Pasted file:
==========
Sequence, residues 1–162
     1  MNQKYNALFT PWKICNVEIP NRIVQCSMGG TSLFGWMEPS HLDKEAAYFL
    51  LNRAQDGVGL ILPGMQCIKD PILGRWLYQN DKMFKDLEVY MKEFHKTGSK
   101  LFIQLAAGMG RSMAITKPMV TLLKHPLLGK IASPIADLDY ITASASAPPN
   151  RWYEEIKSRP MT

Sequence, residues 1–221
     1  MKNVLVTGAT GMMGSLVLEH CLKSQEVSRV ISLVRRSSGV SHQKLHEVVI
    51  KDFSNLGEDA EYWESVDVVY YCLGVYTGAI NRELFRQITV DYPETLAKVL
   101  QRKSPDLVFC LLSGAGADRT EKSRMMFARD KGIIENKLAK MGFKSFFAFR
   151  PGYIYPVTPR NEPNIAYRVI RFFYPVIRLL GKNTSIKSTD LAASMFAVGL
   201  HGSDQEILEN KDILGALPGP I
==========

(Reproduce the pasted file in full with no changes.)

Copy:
Sequence, residues 1–162
     1  MNQKYNALFT PWKICNVEIP NRIVQCSMGG TSLFGWMEPS HLDKEAAYFL
    51  LNRAQDGVGL ILPGMQCIKD PILGRWLYQN DKMFKDLEVY MKEFHKTGSK
   101  LFIQLAAGMG RSMAITKPMV TLLKHPLLGK IASPIADLDY ITASASAPPN
   151  RWYEEIKSRP MT

Sequence, residues 1–221
     1  MKNVLVTGAT GMMGSLVLEH CLKSQEVSRV ISLVRRSSGV SHQKLHEVVI
    51  KDFSNLGEDA EYWESVDVVY YCLGVYTGAI NRELFRQITV DYPETLAKVL
   101  QRKSPDLVFC LLSGAGADRT EKSRMMFARD KGIIENKLAK MGFKSFFAFR
   151  PGYIYPVTPR NEPNIAYRVI RFFYPVIRLL GKNTSIKSTD LAASMFAVGL
   201  HGSDQEILEN KDILGALPGP I